Senators pressure US company to stop supplying tear gas to Hong Kong
Tear gas deployed in Hong Kong this month … Credit: Google images, Wikimedia Commons Studio Incendo, (image was cropped)

Republican Sen. Rick Scott is the latest lawmaker to express opposition to the sale of tear gas to Hong Kong. Police there are using U.S.-made crowd control gas canisters against pro-democracy demonstrators.

NonLethal Technologies, Inc., based in Homer City, Pennsylvania, is the supplier to Hong Kong police forces, as discovered via spent canisters with the company’s name stamped on them.

On Thursday, the Florida senator tweeted: “During my trip to #HongKong I met with pro-democracy leaders & I learned that Nonlethal Technologies, Inc provides the HK police with the tear gas used to oppress the people. This was a disturbing revelation & I’m requesting a meeting with the company’s leadership immediately.”

Scott included an image of the letter he sent to the company in his tweet. The letter reads:

As a United States manufacturer, you are blessed to enjoy the many freedoms and opportunities our nation has to offer. I am sure we can agree that America is the best country in the world, with infinite possibilities. Unfortunately, that autonomy does not exist everywhere. I recently traveled to Hong Kong to meet with protesters who are fighting every day for the basic human rights that we take for granted. I heard terrible stories of police brutality, imprisonment and intimidation.

President Xi of China is a human rights violator and a Communist dictator set on world domination. I am glad the United States is finally standing up to China as they threaten the security of America and all freedom-loving nations across the globe. We must all take a stand in the fight for freedom and democracy.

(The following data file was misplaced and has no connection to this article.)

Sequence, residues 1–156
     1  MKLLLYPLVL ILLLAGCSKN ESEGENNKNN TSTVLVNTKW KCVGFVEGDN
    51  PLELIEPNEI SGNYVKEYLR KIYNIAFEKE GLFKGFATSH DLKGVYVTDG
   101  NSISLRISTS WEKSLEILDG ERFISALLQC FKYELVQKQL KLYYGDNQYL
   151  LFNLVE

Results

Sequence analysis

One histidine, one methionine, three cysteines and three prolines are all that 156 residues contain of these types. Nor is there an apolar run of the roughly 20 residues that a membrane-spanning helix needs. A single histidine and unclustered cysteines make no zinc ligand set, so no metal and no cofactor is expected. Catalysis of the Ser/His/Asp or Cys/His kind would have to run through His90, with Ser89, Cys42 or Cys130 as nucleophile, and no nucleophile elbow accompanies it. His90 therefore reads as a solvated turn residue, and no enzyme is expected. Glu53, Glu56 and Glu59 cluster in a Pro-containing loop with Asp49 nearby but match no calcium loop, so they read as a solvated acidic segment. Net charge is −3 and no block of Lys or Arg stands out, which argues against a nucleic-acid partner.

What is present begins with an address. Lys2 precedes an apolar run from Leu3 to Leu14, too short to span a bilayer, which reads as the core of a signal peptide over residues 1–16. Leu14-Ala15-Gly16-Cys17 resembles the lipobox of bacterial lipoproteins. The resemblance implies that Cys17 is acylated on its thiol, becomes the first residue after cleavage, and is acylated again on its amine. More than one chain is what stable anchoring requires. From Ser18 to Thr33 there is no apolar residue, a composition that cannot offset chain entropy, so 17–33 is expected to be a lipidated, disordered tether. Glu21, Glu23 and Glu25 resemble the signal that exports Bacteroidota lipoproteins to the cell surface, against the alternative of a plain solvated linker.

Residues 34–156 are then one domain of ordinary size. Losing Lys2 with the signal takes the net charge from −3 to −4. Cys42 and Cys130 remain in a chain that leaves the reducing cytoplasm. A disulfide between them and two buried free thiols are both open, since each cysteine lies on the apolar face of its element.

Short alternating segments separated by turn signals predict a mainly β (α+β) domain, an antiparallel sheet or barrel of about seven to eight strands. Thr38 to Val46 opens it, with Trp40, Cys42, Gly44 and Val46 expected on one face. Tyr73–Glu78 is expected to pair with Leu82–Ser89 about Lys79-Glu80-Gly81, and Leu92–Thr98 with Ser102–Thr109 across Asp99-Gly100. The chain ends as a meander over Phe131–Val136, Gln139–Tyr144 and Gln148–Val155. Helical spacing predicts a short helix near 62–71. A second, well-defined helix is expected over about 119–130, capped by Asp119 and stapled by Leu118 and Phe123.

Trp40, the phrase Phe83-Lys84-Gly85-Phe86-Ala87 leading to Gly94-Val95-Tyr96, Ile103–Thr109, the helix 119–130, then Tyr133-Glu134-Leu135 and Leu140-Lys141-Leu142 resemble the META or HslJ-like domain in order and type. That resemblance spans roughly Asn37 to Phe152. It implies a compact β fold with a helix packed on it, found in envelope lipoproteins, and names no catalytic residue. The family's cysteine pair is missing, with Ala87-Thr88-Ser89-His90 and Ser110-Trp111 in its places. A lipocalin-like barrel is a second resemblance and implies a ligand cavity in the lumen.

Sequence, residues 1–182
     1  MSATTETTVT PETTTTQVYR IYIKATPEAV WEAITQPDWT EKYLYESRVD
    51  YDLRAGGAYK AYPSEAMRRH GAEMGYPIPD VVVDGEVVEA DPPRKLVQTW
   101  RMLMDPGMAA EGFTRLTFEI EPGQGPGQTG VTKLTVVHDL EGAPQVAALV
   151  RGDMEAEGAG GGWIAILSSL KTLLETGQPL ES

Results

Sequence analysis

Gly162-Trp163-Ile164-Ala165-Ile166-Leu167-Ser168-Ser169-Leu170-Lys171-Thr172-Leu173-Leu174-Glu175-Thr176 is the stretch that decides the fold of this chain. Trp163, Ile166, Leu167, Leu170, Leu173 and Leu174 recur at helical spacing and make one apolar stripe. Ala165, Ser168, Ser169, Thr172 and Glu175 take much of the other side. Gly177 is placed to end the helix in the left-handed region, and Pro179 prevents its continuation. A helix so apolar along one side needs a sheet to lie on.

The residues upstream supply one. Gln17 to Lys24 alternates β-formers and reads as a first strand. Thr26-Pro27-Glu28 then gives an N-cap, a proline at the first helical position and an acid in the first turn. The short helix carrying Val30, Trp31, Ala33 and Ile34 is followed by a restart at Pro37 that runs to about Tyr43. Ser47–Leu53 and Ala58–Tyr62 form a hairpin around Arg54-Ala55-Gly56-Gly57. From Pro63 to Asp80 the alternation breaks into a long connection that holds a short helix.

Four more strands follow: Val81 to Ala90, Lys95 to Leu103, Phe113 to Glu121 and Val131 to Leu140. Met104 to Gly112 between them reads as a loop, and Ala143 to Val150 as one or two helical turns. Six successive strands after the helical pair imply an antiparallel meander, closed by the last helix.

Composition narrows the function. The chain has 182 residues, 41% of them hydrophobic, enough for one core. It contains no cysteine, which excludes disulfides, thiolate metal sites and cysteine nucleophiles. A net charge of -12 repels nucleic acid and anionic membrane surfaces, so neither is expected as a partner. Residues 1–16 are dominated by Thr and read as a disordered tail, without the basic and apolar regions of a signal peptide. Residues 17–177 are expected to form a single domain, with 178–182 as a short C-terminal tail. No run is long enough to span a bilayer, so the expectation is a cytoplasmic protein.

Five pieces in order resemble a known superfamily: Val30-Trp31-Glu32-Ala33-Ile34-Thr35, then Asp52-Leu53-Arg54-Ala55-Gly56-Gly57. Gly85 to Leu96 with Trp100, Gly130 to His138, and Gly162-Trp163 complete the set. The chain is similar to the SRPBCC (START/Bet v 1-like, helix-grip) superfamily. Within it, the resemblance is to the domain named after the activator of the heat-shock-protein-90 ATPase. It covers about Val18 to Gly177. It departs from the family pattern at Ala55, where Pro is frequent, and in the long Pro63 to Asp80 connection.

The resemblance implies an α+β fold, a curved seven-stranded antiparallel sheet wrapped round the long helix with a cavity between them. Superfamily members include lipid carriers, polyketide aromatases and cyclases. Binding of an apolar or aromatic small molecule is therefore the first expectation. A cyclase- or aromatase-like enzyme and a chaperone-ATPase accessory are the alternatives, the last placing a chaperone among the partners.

During my trip, I learned how Hong Kong authorities use crowd control methods, including rubber bullets and tear gas canisters, in an inhumane manner to silence protesters. I was extremely troubled to learn that apparently your company, NonLethal Technologies, has provided the Hong Kong police with tear gas that is now being used to oppress and violate the rights of the people of Hong Kong. I saw firsthand how your products are used in a dangerous and malicious manner to intentionally harm protesters. Crowd control devices are meant to be used as a tool in specific and limited circumstances by trained law enforcement, not to be used by oppressive governments to incite violence from peaceful protesters.

Your decision to provide these types of products to Hong Kong authorities is equivalent to supporting the efforts of President Xi to harm ordinary citizens and peaceful protesters. I have reached out to your company in an effort to meet with you and discuss my concerns echoed by the global community. I write today to request you meet with me as soon as possible to discuss the impact of NonLethal Technologies in Hong Kong, and your company’s continued support for our adversary, China.

I stand with the brave men and women fighting in Hong Kong, and will always fight for freedom and democracy. I look forward to your timely response and working together to put human rights above profits.

On Friday, the president of the privately owned company, Scott Oberdick, told Reuters that he had not seen the senator’s letter and hung up when he was asked about the growing criticism his company is getting for selling tear gas to the Hong Kong government.

The company’s website boasts “a full range of less lethal grenades and less lethal ammunition to allow the most effective level of force to be used for various situations.” The site also states that overseas sales for most products require an export license from the United States Department of Commerce.

The first U.S. official to call for a stop to exports of tear gas to Hong Kong was by Texas Sen. Ted Cruz in July.

In August, Republican Rep. Chris Smith, of New Jersey, and Democrat James McGovern, from Massachusetts, introduced a bipartisan bill in the House of Representatives that would prohibit commercial exports of certain nonlethal crowd control items such as tear gas to Hong Kong. If passed, the ban would take effect within 30 days.

On the flip side, it’s certain that other tear gas producers around the world will step into the void and happily sell Hong Kong any weaponry or materiel they desire, so the only lasting impact such legislation would have would be to harm the U.S. companies involved and perhaps cost workers their jobs.

Meanwhile, the turmoil in Hong Kong continues to grow more pronounced and violent. Originally, protests emerged over an extradition bill that eventually was withdrawn, but now a broader movement against efforts by China to tamp down liberties still enjoyed by Hong Kong citizens has created a major crisis for the city and for China’s President Xi Jinping.




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